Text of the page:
I claim 1. A folding tent frame comprising a central fitting and rafters pivotally connected thereto extending outwardly and downward therefrom, a second central fitting and stretchers pivotally connected thereto at one end extending outwardly therefrom and having their opposite ends hinged to the respective rafters, athird central fitting positioned above the second and struts pivotally connected thereto at one end extending outwardly and upward therefrom and having their opposite ends hinged to the respective rafters, whereby said third fitting opposes movement of the second fitting toward the first, the length of each strut between pivot centers being less than the distance between its hinged connection with the rafter and the pivotal connection. of such rafter with the rst fitting, so that said frame may be collapsed by folding the struts and stretchers upwardly toward said first central fitting.

2. A folding tent frame comprising a central fitting and rafters pivotally connected.

thereto extending outwardly and downward therefrom, a second central fitting and stretcher-s pivotally connected thereto at one end extending outwardly and downward therefrom and having their opposite ends hinged to the respective rafters, means limiting the unfolding of said stretchers at such.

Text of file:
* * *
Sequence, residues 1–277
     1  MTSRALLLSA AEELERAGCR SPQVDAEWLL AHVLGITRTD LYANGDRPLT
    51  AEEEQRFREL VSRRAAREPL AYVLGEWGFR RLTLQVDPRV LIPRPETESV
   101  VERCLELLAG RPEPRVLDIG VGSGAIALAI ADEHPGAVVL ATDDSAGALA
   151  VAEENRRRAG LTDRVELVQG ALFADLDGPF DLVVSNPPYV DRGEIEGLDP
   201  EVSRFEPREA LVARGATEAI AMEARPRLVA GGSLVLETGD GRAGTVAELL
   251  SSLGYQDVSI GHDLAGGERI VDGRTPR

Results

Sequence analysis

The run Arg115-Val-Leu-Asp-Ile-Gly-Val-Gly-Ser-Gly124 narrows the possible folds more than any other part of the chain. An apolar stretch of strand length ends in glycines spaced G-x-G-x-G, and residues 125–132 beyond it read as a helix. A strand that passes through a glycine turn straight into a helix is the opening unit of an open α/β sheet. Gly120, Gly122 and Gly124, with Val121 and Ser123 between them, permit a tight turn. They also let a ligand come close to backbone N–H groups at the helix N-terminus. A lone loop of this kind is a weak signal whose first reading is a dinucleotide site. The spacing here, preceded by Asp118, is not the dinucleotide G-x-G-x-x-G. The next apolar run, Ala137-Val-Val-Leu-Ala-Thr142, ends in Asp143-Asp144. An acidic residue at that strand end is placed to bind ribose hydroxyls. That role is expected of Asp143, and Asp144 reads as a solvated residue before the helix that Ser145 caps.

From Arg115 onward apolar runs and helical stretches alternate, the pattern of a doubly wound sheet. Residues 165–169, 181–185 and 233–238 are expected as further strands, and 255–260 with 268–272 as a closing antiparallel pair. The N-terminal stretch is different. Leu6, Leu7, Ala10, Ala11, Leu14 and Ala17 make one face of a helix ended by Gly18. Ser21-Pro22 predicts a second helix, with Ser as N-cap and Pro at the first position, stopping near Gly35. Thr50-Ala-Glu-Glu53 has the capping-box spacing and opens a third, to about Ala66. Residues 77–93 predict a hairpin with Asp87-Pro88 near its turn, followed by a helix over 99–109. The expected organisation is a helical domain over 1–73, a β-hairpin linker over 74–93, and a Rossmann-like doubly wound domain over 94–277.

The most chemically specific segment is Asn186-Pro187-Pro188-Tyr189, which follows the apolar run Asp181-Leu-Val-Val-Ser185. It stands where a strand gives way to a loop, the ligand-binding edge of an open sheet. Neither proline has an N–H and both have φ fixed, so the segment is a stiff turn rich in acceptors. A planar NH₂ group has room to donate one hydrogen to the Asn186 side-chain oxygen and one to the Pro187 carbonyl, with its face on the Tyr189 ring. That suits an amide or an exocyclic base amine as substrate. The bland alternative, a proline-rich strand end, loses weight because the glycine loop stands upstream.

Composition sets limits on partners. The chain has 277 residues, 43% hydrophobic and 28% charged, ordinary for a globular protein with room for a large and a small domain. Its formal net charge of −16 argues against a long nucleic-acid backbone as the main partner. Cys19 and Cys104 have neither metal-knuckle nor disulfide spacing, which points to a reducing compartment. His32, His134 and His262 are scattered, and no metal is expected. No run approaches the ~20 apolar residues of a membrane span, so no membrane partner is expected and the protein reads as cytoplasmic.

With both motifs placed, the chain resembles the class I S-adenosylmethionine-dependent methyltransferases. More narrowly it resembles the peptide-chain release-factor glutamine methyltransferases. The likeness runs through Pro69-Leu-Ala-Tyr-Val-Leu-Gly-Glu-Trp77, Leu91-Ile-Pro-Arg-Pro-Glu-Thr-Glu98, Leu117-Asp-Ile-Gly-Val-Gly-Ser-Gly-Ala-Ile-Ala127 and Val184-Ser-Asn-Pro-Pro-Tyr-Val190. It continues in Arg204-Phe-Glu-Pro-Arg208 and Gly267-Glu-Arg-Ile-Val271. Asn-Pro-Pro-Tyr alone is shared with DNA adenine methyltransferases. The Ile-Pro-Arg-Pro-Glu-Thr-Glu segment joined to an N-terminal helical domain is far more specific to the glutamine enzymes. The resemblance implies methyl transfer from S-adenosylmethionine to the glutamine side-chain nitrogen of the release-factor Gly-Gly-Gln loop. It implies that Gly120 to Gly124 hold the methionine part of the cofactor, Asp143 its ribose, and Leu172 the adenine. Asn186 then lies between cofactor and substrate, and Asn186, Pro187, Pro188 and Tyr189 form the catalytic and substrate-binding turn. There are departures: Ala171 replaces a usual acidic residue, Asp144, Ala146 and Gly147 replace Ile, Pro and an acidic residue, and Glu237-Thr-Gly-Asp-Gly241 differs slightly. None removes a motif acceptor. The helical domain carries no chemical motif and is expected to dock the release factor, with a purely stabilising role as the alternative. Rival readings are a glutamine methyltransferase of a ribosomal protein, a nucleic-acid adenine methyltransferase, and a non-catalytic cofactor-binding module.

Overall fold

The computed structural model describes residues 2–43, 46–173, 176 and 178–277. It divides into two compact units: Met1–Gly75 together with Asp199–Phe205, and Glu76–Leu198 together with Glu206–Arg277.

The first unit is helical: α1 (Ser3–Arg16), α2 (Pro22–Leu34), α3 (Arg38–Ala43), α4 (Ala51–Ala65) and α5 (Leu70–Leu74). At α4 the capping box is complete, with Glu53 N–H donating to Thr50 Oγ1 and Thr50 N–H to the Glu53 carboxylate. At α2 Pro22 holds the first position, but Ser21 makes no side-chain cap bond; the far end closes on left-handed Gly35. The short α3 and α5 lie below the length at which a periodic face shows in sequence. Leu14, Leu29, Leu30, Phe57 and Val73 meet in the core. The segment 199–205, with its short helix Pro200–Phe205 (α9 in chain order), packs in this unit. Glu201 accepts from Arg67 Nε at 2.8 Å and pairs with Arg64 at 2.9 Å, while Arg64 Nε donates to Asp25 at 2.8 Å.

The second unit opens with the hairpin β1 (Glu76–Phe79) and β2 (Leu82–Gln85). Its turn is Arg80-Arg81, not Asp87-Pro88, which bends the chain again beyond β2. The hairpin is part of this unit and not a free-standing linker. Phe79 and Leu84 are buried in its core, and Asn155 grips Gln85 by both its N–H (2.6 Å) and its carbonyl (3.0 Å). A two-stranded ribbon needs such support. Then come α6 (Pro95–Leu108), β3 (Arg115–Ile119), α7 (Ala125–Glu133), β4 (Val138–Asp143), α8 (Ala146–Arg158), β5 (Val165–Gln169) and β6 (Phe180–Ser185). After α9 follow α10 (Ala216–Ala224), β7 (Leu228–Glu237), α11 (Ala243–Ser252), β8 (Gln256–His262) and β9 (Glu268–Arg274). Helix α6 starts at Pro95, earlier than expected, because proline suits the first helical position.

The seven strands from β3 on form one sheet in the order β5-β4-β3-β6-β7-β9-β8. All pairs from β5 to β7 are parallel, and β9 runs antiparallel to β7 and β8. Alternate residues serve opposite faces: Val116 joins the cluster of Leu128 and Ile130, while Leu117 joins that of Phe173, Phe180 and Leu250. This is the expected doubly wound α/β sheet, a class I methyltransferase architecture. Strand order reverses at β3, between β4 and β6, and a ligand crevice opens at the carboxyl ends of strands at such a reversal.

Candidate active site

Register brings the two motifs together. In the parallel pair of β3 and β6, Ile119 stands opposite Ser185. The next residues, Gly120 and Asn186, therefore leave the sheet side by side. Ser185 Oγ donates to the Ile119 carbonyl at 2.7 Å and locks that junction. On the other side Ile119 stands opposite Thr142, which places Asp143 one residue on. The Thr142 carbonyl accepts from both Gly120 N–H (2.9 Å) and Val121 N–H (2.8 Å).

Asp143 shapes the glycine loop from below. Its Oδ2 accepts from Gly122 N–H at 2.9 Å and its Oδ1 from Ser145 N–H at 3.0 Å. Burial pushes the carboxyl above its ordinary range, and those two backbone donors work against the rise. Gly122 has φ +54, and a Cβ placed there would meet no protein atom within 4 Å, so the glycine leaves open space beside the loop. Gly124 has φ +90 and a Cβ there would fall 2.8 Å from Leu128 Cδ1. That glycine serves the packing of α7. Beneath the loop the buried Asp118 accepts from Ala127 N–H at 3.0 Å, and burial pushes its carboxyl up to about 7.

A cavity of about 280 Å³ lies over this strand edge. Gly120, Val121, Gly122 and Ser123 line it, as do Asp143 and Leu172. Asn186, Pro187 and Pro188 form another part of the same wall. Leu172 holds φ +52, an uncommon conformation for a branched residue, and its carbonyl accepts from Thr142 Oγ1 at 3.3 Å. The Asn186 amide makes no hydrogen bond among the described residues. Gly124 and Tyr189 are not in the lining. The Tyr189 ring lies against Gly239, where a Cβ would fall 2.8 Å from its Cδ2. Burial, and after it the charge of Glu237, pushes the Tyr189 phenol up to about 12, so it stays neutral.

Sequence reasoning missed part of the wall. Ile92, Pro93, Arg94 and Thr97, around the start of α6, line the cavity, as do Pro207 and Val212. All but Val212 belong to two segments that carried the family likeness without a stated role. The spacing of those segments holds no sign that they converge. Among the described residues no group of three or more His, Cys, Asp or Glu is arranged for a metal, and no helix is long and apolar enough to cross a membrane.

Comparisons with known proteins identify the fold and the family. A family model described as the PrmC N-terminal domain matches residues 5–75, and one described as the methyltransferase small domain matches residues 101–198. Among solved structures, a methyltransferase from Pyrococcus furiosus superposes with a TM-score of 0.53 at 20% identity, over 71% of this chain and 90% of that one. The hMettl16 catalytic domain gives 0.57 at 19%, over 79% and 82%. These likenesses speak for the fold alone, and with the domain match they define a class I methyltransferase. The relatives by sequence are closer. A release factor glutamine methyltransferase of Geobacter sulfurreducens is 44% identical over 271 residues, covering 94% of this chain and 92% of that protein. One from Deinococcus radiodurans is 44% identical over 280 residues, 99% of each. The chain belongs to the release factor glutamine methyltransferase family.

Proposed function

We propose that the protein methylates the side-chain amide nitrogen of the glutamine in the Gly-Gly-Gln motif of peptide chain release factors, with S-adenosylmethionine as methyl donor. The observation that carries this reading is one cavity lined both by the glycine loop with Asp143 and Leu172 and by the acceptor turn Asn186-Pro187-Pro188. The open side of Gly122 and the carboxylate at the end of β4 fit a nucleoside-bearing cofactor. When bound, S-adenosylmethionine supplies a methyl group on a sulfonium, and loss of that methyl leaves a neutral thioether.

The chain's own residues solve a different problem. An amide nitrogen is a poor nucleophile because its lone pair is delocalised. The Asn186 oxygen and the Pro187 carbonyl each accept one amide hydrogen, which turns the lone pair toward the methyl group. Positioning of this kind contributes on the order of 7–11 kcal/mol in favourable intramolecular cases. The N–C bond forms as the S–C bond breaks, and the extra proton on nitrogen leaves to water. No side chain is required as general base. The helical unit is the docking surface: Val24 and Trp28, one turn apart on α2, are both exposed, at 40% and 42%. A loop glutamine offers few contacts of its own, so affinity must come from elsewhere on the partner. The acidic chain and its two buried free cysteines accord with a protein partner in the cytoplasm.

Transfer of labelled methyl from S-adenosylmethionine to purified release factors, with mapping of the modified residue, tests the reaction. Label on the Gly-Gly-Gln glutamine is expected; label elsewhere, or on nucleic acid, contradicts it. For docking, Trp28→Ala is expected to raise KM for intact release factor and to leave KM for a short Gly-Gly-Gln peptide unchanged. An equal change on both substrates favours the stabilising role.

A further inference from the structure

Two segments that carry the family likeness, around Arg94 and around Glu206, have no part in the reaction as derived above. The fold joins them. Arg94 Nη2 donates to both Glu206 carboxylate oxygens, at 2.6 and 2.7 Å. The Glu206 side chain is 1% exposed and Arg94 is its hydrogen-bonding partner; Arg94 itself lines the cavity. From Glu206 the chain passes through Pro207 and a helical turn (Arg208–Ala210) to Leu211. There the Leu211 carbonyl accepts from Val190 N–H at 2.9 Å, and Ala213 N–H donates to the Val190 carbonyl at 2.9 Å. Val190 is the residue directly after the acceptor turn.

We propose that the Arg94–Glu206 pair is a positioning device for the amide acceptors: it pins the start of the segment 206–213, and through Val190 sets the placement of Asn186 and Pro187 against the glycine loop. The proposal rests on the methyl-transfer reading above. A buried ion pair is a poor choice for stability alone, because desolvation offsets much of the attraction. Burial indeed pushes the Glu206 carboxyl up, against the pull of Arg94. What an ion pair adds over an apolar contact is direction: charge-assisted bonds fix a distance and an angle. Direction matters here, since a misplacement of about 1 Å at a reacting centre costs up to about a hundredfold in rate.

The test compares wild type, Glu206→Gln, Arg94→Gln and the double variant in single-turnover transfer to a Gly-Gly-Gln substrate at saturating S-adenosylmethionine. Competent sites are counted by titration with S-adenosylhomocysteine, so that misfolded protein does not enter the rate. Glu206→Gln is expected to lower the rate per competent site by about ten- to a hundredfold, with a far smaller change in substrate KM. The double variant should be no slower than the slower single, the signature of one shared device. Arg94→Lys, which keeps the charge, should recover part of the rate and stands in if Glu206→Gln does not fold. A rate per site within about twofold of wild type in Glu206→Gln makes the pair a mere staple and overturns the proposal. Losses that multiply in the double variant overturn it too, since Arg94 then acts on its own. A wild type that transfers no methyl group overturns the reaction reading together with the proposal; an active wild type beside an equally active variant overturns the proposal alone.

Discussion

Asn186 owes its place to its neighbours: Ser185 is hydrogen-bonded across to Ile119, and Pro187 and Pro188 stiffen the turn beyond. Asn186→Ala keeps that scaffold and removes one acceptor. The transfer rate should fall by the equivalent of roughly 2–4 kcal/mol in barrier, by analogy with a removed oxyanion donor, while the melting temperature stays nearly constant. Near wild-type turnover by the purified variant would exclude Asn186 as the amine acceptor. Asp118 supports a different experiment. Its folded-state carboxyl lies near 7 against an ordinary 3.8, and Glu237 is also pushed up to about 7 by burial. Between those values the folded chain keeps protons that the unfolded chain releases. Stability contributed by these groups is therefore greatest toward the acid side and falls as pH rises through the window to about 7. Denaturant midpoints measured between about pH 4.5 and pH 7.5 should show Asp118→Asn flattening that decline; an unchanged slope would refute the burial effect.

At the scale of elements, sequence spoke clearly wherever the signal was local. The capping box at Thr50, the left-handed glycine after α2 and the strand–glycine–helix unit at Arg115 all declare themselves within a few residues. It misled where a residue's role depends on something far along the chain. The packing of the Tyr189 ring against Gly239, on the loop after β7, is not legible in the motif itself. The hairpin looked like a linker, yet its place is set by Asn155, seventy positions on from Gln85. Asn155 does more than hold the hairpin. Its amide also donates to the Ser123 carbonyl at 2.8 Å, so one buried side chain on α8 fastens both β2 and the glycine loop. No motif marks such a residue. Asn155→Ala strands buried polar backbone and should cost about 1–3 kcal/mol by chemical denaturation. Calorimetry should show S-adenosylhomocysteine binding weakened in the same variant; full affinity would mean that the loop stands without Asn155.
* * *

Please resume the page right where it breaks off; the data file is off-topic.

downwardly inclined position, and struts hinged to the respective rafters converging downwardly and arranged to react against the second fitting for opposing the collapse of the frame. V

8. A folding tent frame comprising two central fittings vertically separated when the frame is open, a stop which determines the limit of such separation and disengafgeable locking means for holding the parts at such limit, together with rafters and stretchers pivotally connected to the upper and lower central fittings respectively and all extending outwardly and downwardly therefrom, theouter end of each stretcher being hinged to one of the rafters at a plane considerably below the lower central fitting and its associated stop and locking means when said fitting is at the limit indicated.